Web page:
What is the essence of Japanese culture in the 21st century?
Art Radar profiles 3 exhibitions around Asia that explore contemporary and traditional Japanese art and reflect on the nation’s cultural legacies.
The National Museum of Art, Osaka is hosting “Nostalgia and Fantasy: Imagination and Its Origins in Contemporary Art” from 27 May to 15 September 2014. The exhibition features the works of nine individual artists and one artist group.
According to curator Yasugi Masahiro, the theme ‘nostalgia’ responds to the sentiments of an ageing Japanese society and a nationwide longing for the ‘good old days’. As the press release states:
nostalgia seems to be a changeable, whimsical emotion in the sense that it is unrelated to actual experience […] it is this emotional aspect that imbues nostalgia with infinite possibilities.
Such a fluid notion of the nostalgic reverberates among the varied works of the artists. Graphic artist Yokoo Tadanori, the oldest participant in the exhibition, often works with memory. Childhood nostalgia serves as a major source of the artist’s creativity as he manoeuvres the boundaries between reality and fantasy, life and death.
With a more painterly, expressionistic style, Konishi Toshiyuki evokes a haunting sense of longing that is just as strong. Using a muted palette and raw, gestural strokes, the artist’s own family is his subject, creating a gentle melancholia imbued with human warmth.
Finally, Hashizume Sai uses a realistic form of expression known as Real Fantasy. Her portraits of young women exude a vague sense of loneliness and unease with regards to the contemporary world.
The Singapore Tyler Print Institute (STPI) presents “Edo Pop: The Graphic Impact of Japanese Prints” from 12 July to 13 September 2014. The exhibition showcases ukiyo-e prints from Edo Japan (1615-1868) and ukiyo-e inspired works in today’s globalised world.
‘Ukiyo‘ means ‘floating world’, and ‘e‘ means ‘pictures’. Ukiyo-e was a popular art form of woodblock prints and paintings that reflected the daily life and common interests of people in Edo and major Japanese cities. The ukiyo-e aesthetic is defined by fluid yet distinct outlines, bold areas of clear colour, off-centre subjects and dramatic cropping.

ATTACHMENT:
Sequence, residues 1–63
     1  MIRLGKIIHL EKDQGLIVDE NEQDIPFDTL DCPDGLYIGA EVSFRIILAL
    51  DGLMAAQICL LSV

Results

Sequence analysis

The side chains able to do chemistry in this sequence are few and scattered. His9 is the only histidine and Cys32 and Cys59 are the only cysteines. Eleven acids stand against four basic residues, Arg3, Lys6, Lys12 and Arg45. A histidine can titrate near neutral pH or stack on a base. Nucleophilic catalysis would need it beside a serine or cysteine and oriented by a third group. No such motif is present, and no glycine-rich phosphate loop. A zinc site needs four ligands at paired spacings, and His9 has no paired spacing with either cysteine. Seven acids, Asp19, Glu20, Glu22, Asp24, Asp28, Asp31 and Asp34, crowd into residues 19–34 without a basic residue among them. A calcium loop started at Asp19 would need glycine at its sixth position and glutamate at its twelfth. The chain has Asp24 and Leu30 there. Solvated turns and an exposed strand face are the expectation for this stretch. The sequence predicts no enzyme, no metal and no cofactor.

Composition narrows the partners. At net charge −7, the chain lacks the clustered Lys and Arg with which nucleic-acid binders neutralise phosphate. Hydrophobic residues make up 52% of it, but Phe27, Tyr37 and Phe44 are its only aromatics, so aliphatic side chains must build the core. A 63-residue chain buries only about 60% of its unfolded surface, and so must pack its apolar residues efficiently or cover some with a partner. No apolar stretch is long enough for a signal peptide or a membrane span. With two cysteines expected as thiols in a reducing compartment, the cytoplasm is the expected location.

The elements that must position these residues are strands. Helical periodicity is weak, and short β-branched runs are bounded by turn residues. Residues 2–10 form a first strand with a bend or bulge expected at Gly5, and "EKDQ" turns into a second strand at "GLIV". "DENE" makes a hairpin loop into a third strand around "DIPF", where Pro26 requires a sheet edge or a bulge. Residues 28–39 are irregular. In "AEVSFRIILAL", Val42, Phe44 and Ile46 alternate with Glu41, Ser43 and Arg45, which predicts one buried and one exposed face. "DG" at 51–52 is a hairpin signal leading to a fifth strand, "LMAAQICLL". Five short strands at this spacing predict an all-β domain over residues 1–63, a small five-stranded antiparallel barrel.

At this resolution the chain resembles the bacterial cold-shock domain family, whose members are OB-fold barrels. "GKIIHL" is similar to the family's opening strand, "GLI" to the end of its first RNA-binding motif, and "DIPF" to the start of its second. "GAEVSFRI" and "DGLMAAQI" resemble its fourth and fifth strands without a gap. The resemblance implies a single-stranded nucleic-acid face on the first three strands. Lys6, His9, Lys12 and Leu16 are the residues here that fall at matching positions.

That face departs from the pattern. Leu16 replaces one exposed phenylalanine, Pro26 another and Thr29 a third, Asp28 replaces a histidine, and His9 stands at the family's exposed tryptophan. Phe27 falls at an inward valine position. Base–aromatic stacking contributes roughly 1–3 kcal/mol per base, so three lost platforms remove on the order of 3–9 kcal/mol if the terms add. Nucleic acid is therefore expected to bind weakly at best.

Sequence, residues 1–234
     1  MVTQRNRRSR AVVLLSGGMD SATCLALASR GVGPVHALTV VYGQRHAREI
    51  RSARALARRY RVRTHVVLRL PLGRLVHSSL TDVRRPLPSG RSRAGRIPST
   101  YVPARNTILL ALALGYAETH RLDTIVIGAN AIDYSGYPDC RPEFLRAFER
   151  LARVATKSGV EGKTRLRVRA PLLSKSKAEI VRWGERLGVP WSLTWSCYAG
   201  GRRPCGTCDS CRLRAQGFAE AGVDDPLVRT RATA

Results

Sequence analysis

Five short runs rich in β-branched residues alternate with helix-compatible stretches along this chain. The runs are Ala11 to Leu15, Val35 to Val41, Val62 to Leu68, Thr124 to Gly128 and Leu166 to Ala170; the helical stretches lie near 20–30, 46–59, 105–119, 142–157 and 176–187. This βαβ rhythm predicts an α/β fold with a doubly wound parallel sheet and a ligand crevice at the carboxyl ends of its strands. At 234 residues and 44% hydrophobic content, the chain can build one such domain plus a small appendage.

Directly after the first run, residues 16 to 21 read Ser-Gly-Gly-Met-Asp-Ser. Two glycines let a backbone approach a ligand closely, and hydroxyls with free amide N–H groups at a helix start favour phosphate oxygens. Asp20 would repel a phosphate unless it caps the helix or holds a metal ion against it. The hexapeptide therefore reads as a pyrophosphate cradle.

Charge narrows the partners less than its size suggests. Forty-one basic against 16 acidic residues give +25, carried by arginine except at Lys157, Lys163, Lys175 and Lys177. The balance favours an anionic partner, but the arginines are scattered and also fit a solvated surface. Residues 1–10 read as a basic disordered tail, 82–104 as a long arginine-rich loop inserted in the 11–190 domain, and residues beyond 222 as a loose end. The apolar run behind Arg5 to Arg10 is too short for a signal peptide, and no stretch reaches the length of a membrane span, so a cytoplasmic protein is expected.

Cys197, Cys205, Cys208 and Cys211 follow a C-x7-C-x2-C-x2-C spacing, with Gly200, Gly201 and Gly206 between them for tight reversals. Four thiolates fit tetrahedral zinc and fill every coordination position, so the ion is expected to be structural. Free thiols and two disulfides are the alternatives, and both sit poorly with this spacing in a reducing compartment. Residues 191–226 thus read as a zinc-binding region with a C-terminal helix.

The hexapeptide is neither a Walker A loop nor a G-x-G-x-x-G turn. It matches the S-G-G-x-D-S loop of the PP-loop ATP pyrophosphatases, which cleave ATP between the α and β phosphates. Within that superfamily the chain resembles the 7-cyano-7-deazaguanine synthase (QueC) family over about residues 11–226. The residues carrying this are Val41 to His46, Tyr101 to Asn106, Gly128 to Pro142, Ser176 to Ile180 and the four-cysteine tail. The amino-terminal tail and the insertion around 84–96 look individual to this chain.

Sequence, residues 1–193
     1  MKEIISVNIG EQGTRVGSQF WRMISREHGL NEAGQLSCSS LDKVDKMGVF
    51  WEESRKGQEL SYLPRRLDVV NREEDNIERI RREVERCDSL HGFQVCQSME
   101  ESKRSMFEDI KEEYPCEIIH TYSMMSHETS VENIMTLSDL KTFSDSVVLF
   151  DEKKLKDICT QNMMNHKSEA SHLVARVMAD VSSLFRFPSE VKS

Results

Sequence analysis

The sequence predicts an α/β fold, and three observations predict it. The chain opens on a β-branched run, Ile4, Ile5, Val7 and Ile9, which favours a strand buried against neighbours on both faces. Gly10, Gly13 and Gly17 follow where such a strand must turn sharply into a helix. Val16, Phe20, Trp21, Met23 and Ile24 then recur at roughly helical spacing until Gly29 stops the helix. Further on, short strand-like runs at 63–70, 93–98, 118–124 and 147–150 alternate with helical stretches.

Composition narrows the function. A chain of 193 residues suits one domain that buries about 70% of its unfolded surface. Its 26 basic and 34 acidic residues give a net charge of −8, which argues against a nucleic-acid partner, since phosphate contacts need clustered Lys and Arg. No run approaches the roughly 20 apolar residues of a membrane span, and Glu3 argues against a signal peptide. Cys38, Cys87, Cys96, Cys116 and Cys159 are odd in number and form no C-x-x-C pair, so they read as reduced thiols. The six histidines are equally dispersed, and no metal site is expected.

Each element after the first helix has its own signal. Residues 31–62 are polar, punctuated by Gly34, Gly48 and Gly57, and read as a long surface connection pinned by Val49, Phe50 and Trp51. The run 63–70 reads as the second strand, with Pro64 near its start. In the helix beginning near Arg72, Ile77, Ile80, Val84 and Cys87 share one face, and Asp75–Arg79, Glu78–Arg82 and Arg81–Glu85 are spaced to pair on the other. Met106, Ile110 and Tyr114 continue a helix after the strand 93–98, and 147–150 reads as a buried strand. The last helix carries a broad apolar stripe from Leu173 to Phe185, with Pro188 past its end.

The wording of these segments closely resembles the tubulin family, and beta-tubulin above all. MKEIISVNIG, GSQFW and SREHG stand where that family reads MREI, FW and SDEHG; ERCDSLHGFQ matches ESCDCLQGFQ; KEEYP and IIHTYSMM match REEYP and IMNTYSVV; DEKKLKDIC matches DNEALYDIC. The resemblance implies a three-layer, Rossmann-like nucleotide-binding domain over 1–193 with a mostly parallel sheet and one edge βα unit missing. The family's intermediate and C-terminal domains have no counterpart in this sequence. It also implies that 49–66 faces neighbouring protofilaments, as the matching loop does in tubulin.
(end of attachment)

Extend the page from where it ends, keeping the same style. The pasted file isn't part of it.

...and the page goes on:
Highlights include works by ukiyo-e masters such as Katsuhika Hokusai and Utagawa Hiroshige, whose influences in contemporary art are evident in the works of Japanese-American artist Masami Teraoka and Hong Kong artist Wilson Shieh, among others. With over 60 works from the Minneapolis Institute of Arts and the Singapore Art Museum, STPI brings forth a kaleidoscopic view of Japanese influence on popular culture then and now.
As the exhibition’s press release states, the ukiyo-e aesthetic
became an important source of inspiration to many famous European painters such as Vincent Van Gogh, Edgar Degas Henri de Toulouse-Lautrec, Edouard Manet and Claud Monet whose art captured the culture of leisure of nineteenth century Paris.
The Drawing Room (Contemporary Art) Gallery in Singapore is currently showcasing the work of Filipino artist Miguel Aquilizan in an exhibition entitled “DISCORDANT” until 27 July 2014.
“DISCORDANT” began in second hand junk stores of Aquilizan’s native Philippines, where discarded Japanese manufactured goods abound. Upon undertaking research, Aquilizan discovered that second hand trade between Japan and the Philippines had increased after the 2011 tsunami and collapse of the Fukushima nuclear reactor. Rumour has it that the goods came from deceased estates and general debris.
Aquilizan began collecting traditional-style Japanese figurines including geisha, samurai and noblemen. He removed them from their protective glass display cases and tweaked each statue with accoutrements and overabundant accessories. The sheer mass of surface details and embellishments functions like an eerie mutating force, bringing to mind the effects of radiation that lurk at the corners of viewer’s minds.
The exhibition’s press release states:
As if burdened by their cultural transition between Japan and the Philippines, the statues struggle to remain erect, trapped between two cultural oversimplifications – Japan as a minimal, elegant society rooted in its traditions and the Philippines, a brash, maximalist conglomeration of island cultures and tribal groups. These sculptures are as much about the difficulties of cultural translation as they are about the complicated history of interaction between two distinct societies.
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